As outlined by the Department of Industry, Science, Energy and Resources, the Modern Manufacturing Initiative is split into three streams:
• A Manufacturing Collaboration Stream will provide funding for large projects that support business-to-business and business-to-research collaboration, to build economies of scale.
• A Manufacturing Translation Stream will help manufacturers turn ideas into commercial outcomes and invest in non-
• A Manufacturing Integration Stream will help manufacturers integrate into local and international supply chains and markets.
The investment will only be targeted at projects within the six National Manufacturing Priorities.
The $107.2m Supply Chain Resilience Initiative is about building a comprehensive understanding of Australia’s critical goods and services, supply chain vulnerabilities and what the potential options are for seeking to address them.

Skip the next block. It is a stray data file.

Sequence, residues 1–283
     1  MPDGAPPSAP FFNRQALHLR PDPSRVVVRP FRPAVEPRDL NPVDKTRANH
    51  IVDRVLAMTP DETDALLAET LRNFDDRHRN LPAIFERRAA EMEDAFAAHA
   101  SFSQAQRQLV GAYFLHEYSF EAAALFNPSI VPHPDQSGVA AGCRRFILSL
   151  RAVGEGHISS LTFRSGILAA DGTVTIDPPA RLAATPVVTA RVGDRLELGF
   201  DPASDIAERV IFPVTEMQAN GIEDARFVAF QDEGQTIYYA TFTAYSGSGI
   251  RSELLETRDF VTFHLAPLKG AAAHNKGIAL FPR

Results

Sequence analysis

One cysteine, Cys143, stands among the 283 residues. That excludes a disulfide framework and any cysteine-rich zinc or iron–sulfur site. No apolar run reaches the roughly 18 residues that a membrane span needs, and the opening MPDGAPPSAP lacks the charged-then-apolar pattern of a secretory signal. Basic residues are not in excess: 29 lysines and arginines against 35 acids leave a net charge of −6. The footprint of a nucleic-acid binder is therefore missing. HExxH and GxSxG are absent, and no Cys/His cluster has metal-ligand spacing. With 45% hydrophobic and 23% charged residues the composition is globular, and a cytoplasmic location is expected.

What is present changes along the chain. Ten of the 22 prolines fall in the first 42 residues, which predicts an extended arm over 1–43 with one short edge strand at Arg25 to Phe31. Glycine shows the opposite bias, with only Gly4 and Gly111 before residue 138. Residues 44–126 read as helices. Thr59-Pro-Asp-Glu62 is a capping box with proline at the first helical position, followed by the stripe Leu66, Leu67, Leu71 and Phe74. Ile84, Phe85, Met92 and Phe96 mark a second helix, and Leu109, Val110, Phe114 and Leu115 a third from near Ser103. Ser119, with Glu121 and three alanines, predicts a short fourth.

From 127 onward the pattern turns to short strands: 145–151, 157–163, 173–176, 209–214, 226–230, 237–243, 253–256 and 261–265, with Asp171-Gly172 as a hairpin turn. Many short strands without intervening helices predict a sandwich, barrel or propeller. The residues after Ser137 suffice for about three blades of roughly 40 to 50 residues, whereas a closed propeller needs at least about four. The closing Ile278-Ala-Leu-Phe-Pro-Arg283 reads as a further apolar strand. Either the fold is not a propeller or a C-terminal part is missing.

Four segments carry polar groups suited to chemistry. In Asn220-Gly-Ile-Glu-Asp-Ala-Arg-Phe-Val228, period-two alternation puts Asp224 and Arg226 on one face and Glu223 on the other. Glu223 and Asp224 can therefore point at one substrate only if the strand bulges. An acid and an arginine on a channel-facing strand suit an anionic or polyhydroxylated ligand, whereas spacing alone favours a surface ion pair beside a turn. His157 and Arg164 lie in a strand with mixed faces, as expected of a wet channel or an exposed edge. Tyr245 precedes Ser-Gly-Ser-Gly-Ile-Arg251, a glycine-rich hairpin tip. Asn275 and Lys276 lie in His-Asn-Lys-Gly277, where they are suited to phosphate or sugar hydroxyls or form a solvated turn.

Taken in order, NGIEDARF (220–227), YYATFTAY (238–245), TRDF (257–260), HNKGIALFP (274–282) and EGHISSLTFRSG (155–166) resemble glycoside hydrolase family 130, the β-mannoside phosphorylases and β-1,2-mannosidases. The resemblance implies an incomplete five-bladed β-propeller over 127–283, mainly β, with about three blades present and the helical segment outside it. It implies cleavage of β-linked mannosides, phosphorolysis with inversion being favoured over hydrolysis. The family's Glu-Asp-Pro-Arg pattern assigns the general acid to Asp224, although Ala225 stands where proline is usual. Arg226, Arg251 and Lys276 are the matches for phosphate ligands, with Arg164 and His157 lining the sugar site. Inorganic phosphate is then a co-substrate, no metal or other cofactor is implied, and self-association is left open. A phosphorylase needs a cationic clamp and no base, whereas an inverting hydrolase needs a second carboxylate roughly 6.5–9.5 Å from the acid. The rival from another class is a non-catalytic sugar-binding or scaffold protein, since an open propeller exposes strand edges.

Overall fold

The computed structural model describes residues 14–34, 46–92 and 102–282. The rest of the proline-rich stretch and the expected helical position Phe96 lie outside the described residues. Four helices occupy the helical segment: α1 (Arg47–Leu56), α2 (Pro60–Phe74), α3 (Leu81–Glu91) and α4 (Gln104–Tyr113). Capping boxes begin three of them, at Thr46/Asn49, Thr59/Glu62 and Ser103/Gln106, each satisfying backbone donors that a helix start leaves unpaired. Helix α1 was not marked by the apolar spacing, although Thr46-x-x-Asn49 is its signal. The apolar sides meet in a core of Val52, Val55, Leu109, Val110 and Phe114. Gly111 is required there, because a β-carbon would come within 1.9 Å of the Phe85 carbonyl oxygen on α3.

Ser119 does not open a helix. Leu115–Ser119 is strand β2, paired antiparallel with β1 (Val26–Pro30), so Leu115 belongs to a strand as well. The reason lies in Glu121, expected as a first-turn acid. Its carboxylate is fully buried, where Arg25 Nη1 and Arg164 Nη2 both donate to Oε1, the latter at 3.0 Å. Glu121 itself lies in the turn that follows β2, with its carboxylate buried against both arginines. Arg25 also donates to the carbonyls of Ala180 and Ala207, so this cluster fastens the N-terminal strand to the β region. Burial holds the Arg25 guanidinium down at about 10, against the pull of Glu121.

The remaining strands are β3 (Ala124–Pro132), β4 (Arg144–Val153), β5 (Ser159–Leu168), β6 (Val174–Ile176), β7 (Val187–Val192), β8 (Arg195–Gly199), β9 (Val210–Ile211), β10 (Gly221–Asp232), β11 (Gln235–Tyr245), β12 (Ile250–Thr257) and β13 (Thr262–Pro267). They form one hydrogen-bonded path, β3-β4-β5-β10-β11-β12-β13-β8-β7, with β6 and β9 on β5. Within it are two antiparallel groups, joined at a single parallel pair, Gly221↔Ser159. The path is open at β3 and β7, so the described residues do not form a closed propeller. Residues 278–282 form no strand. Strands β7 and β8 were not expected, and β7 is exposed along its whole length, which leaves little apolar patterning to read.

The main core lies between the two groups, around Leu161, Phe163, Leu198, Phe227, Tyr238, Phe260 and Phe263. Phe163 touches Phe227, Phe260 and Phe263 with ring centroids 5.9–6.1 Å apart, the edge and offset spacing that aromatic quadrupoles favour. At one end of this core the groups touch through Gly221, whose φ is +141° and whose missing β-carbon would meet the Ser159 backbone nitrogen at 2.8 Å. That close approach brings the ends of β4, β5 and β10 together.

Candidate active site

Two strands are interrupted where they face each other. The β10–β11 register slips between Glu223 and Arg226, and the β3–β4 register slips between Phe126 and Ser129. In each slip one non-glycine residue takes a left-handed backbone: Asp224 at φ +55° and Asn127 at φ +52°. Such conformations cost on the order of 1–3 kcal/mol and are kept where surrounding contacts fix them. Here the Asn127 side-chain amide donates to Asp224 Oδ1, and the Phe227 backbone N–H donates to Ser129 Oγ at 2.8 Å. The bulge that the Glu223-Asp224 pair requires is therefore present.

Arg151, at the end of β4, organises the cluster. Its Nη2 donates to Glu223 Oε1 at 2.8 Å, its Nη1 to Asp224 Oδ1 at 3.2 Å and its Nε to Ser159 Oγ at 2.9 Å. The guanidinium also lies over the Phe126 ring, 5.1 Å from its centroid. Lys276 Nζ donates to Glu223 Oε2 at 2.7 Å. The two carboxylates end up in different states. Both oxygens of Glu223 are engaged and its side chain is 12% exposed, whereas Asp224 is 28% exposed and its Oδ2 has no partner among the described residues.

The government will work with industry to identify critical products, and map capabilities and vulnerabilities for normal times and periods of surge. This will build on the close partnership on supply chains developed throughout the COVID-19 pandemic.
Early on, the focus of the initiative will be on medicines and medical equipment, followed by products such as food, chemicals and plastics.
Funding will be available for businesses to establish or scale a capability that addresses a supply chain vulnerability identified in a Sovereign Manufacturing Capability Plan and must result in a measurable strengthening of the supply chain.
Businesses that align with the National Manufacturing Priorities – such as food and beverage manufacturers – will also be able to apply for grants under a second round of the Manufacturing Modernisation Fund. The second round has $52.8m in funding. It will be aimed at fast-tracking capital investment in technology upgrades to help transform businesses, and enable up to 150 additional local businesses to invest in shovel-ready projects.
Businesses can apply for grants of between $100,000 and $1 m. There is a co-funding requirement for businesses, with industry expected to match Government funding on a three-to-one funding basis.